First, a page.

Related Video – Unicode Emoticons
Popular unicode emoticons for everyday use. They are all just text, so you can copy and paste them.These text emoticons are great for texting and our gallery can be browsed and used on smartphones (such as iPhones and Android phones), Tablets like the iPad and more.Full Emoji Data, v4.0 For the new beta version, see v5.0 — Beta. This chart provides a list of the Unicode emoji characters, with images from different vendors Unicode Emoticons. ಠ_ಠ [disapprove] Ծ_Ծ [disapprove] ಠ~ಠ [hrm…] ఠ_ఠ [o rly?] ಠ_ರೃ [dignified] ಠ_ృ [dignified] ಠ╭╮ಠ [frown]Notes. To get a list of code charts for a character, enter its code in the search box at the top. To access a chart for a given block, click on its entry in the An emoticon (ee-MOHT-i-kon), (/ ᵻ ˈ m oʊ t ᵻ k ɒ n /, or / i ˈ m oʊ t ᵻ k ɒ n /) is a pictorial representation of a facial expression using punctuation Feeling a little bit evil? Show your intentions with these AWESOME Devil text emoticons and symbols. You’ll love them. Send them to your friends through texting Cool unicode symbols, text icons and pictures for nicknames and statuses.Unicode is a computing industry standard for the consistent encoding, representation, and handling of text expressed in most of the world’s writing systems.The Unicode® Standard. Unicode is a computing standard for the consistent encoding symbols. It was created in 1991. It’s just a table, which shows glyphs position
An emoticon, etymologically a portmanteau of emotion and icon, is a metacommunicative pictorial representation of a facial expression that, in the absence of body language and prosody, serves to draw a receiver’s attention to the tenor or temper of a sender’s nominal non-verbal communication, changing and improving its usually distinguished as a 3-5 character piece — usually by means of punctuation marks (though it can include numbers and letters) — a person’s feelings or mood, though as emoticons have become more popular, some devices have provided stylized pictures that do not use punctuation.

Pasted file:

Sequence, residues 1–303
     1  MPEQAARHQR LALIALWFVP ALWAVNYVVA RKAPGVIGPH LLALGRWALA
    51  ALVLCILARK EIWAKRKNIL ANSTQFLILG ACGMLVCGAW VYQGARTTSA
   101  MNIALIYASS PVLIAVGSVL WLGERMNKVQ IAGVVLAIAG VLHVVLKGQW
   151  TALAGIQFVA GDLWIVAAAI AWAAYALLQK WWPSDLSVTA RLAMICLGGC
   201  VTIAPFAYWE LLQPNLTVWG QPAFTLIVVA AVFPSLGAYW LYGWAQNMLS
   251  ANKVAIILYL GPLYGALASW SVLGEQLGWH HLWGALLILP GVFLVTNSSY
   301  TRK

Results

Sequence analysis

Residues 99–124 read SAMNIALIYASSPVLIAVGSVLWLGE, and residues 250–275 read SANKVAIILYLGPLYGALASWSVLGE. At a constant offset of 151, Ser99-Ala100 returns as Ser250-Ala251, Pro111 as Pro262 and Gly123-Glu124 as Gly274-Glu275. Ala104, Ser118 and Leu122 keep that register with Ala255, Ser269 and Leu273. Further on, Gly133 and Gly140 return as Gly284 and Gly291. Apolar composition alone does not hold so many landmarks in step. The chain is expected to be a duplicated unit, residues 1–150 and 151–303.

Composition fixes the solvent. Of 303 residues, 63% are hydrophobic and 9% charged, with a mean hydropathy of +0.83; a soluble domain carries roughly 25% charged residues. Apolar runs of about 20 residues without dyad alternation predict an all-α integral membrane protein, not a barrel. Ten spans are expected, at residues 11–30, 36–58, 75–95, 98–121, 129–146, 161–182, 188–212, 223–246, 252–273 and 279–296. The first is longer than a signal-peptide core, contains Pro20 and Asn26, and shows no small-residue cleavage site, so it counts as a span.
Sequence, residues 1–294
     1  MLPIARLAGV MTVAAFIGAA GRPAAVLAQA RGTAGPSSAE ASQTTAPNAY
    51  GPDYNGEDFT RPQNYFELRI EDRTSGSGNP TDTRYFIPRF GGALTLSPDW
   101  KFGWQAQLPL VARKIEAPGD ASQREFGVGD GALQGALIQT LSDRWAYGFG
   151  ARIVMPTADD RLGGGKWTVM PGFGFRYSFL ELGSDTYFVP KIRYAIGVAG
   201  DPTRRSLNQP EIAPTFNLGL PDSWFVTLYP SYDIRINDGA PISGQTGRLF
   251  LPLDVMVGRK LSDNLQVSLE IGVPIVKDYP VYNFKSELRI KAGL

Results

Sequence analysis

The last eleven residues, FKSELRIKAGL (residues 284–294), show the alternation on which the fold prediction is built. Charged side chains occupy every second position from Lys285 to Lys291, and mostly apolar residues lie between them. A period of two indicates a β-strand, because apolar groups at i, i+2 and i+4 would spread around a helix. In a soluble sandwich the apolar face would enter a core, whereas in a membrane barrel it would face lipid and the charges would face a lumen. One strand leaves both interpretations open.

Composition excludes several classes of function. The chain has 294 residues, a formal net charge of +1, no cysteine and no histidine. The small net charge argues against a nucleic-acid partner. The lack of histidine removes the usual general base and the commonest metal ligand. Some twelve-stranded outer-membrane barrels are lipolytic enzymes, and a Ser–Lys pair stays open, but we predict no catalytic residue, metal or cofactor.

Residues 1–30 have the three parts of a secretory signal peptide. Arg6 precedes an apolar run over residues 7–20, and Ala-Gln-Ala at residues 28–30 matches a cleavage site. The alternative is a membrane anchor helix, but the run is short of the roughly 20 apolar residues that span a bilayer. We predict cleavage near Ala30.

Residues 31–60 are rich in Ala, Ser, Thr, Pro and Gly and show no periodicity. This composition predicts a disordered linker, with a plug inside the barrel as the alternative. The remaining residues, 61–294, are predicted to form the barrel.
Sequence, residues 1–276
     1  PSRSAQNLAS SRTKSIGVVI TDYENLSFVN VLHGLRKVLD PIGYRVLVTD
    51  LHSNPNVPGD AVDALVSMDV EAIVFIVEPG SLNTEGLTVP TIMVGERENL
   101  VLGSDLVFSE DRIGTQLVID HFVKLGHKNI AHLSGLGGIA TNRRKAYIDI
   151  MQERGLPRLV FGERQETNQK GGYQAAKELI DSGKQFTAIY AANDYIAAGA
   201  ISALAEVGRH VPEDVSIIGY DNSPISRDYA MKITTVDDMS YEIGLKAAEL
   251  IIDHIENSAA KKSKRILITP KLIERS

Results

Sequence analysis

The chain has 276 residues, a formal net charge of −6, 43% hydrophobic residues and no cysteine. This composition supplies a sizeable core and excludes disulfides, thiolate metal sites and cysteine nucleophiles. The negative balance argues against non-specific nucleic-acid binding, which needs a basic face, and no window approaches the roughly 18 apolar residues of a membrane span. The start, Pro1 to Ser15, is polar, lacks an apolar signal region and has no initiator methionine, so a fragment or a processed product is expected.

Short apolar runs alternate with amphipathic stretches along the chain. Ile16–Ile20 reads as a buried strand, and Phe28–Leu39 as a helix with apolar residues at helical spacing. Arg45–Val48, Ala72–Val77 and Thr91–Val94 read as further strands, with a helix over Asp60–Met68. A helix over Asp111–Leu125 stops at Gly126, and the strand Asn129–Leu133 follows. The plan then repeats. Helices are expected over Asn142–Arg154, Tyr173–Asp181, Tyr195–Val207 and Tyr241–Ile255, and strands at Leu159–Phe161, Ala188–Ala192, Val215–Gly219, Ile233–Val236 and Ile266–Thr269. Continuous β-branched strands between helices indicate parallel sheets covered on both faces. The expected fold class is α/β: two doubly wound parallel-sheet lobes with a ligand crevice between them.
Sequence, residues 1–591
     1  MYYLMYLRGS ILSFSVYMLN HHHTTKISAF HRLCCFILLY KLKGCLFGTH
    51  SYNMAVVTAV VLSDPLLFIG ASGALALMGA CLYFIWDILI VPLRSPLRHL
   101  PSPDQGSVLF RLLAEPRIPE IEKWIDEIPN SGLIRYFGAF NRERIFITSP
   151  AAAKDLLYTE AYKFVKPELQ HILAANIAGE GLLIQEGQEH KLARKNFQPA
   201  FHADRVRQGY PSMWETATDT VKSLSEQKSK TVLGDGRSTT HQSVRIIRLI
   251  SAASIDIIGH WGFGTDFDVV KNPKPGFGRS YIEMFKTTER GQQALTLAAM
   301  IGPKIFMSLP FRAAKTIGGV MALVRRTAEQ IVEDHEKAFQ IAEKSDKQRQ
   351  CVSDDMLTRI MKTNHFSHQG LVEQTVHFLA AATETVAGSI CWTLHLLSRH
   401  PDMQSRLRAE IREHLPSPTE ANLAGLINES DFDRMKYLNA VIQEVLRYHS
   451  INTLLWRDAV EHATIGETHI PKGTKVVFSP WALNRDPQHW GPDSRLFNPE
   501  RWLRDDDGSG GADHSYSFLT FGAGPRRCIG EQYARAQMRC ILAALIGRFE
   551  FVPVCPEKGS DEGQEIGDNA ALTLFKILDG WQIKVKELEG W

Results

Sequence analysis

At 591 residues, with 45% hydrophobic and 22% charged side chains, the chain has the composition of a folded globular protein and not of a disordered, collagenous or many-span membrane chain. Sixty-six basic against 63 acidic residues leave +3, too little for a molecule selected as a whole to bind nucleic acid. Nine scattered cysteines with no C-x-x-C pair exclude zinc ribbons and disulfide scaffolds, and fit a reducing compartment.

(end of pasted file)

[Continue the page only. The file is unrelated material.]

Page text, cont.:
You can use our emoticons below :
Emoji (絵文字?, Japanese pronunciation: [emodʑi]) are ideograms and smileys used in electronic messages and Web pages. The characters, which are used much like ASCII emoticons or kaomoji, exist in various genres, including facial expressions, common objects, places and types of weather, and animals. Some emoji are very specific to Japanese culture, such as a bowing businessman, a face wearing a face mask, a white flower used to denote “brilliant homework”, or a group of emoji representing popular foods: ramen noodles, dango, onigiri, Japanese curry, and sushi.
Emoji have become increasingly popular since their international inclusion in Apple’s iPhone, which was followed by similar adoption by Android and other mobile operating systems. Apple’s OS X operating system supports emoji as of version 10.7 (Lion). Microsoft added monochrome Unicode emoji coverage to the Segoe UI Symbol system font in Windows 8 and added color emoji in Windows 8.1 via the Segoe UI Emoji font.
Originally meaning pictograph, the word emoji comes from Japanese e (絵, “picture”) + moji (文字, “character”). The apparent resemblance to the English words “emotion” and “emoticon” is just a coincidence. All emoji in body text and tables will be supplied by the default browser (and probably system) emoji font, and may appear different on devices running different operating systems. Separate pictures will appear the same for all viewers.
You can also use Japanese emojis below :
What is the difference between emoticons and emojis?
– emoji are a potentially limitless set of pictorial symbols used for various purposes, including but not limited to expressing emotions, substituting for words, and so on.
– emoticons come in two flavours: text and image. Text emoticons are the original version. Images are a more recent version, and most text emoticons have a pictorial version. Image emoticons are de facto emoji. Specifically, they are the subset of emoji used for expressing emotions. Text emoticons may thus be considered precursors of emoji, which have nonetheless developed in their own way and remain relevant.